Make sure you include all the ‘food groups’ in your meals, because they all have a role in your health (such as fruit, vegetables, grains, protein foods, and dairy.) If you can fit some fish in, a couple of times a week, as your protein, you might also be boosting your mood. Studies have shown that countries that have higher intake of fish have lower incidences of poor mental health. While this is not conclusive, fish has also been shown to support other health outcomes, so it is well worth adding to the menu.

Even during lockdown, we need to exercise. Exercise does not necessarily have to be a run. Walking and getting some fresh air means you are getting a change of the environment around you and this can help boost the mood and overall health.

Include plenty of variety in your meals; it is easy to get bored with food when you eat the same thing so have a Google and experiment. Eating and watching TV/using laptops and phones while you eat means that you are not engaging with your food and are likely to miss initial biological cues that you are satisfied with how much you have eaten.

If you feel like ‘binging’ or are worried that you are about to engage in a binge, try to change your environment. Whether you usually eat or snack in your kitchen, bedroom or sitting room, aim to get up and move to a different area or head out to the garden for a while if you are lucky enough to have outdoor space. Sometimes we need to distract ourselves from a feeling of wanting to binge have a bath, paint your nails, read a book or go for a run. Staying social — even from a distance — is important during these times and a great diversion from food, or comfort eating. Call or message a friend for a chat if you feel tempted to snack.

Overeating or emotional eating can be a passing phase, or it can become a highly distressing behaviour. If you are feeling worried about your eating, seek support from a doctor or a registered specialist professional. Communication is the key, whether it’s with a treatment team or supportive loved ones and friends. Be aware of your feelings and do not bottle them up — take time every day to reflect on how you are coping. So, simply STOP: Stop, take a step back, observe and proceed mindfully. Ensure you get plenty of sleep and keep a structure to your day — and your meal times.

Do not beat yourself up. If you feel like you engaged in disordered eating, notice what caused this — use this information in a helpful way and plan how to move forward by identifying these challenges and naming helpful, skilful alternatives. Do not forget to notice the positives: It can be helpful to end your day by noticing one thing you enjoyed, one thing you are grateful for and one thing that you achieved.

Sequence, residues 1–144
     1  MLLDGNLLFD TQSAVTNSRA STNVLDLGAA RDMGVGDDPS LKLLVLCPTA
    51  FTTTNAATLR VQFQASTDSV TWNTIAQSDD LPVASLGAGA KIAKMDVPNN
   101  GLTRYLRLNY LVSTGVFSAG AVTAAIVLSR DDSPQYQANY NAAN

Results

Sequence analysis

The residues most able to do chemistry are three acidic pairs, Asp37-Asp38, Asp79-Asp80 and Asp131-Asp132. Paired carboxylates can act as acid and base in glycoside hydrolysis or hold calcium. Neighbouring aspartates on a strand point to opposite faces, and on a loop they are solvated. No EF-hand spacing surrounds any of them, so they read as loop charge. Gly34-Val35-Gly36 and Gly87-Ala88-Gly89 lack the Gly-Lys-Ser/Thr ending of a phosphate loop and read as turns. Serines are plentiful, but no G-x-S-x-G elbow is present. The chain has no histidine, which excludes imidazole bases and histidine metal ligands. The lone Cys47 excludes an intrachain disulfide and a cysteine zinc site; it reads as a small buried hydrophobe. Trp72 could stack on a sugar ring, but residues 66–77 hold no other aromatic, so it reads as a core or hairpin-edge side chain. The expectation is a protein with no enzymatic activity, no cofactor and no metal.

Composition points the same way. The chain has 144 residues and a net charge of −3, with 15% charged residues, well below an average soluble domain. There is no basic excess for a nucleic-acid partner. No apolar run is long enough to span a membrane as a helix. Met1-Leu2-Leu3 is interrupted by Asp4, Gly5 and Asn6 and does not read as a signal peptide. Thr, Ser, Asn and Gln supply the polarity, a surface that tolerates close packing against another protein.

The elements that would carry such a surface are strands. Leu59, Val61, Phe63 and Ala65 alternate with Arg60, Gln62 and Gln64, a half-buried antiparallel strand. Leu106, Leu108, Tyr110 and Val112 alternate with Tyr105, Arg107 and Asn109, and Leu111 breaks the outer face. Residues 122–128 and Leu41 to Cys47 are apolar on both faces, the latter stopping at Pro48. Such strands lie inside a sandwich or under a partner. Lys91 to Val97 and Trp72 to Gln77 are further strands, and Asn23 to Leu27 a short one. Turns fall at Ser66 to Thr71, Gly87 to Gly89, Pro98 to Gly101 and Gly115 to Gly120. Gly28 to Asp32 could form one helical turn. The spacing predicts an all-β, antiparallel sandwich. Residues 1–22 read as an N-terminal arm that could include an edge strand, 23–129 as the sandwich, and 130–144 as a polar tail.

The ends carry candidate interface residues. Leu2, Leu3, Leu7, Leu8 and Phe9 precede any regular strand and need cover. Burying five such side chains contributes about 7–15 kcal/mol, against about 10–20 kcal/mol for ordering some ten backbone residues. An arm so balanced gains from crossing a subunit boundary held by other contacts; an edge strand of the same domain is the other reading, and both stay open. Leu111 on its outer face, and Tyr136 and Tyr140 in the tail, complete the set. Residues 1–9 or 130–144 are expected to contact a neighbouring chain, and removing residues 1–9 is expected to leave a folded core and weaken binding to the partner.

Recognise the problem

Mitun De Sarkar

Mitun De Sarkar, clinical dietician and managing director of Simply Healthy, says: “When you are stressed and tensed or bored it’s common for people to emotionally binge eat. This behaviour gets aggravated as stress produces the cortisol hormone that makes us hungry and likely to overeat. But the mind is not craving for fresh fruits and vegetables, the brain’s signals for comfort from high fat, high sugar and high salt food in response to the cortisol.

“The solution is recognising this as a problem and doing something about it to help yourself.”

Sarkar suggests that one should stick to a routine and maintain a consistent meal time even if one is hungry. Following are some suggestions:

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Overeating or emotional eating can be a passing phase, or it can become a highly distressing behaviour. Image Credit: Shutterstock

When bored hunger cues are dangerous, it’s best to go by the clock

Daily eat your breakfast, lunch and dinner at the same time.

If you need snacks then time the snacks too.

Focus on lots of good quality proteins, healthy fats and complex carbohydrates.

Stocking up on lean chicken, fish, meat, eggs, nuts, seeds, beans, lentils, fresh fruits, vegetables, brown rice, oats helps as these foods will keep you full and satiated and not crash your insulin making you hungrier or craving sugar within minutes of eating

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Drink plenty of water in between meals

Drink herbal teas in between meals

Plan to cook your proper meals and enjoy the process. Cooking healthy and creating delicious nourishing dishes can be therapeutic for many. Just baking cakes or making dalgona coffee is not the only way to beat the stress in the kitchen.

Exercise and social interaction can help bring down cortisol, makes you feel happier and calm

Getting out of the house for some fresh air and some brisk walk quietens your mind and helps focus on the right.

Plan all your groceries and shop for fresh produce. It’s ok to buy even frozen fruits and vegetables as long as you don’t stock up on unhealthy.

Control your mind . You have no control over what’s going on outside but you have full control over yourself and your family’s wellbeing.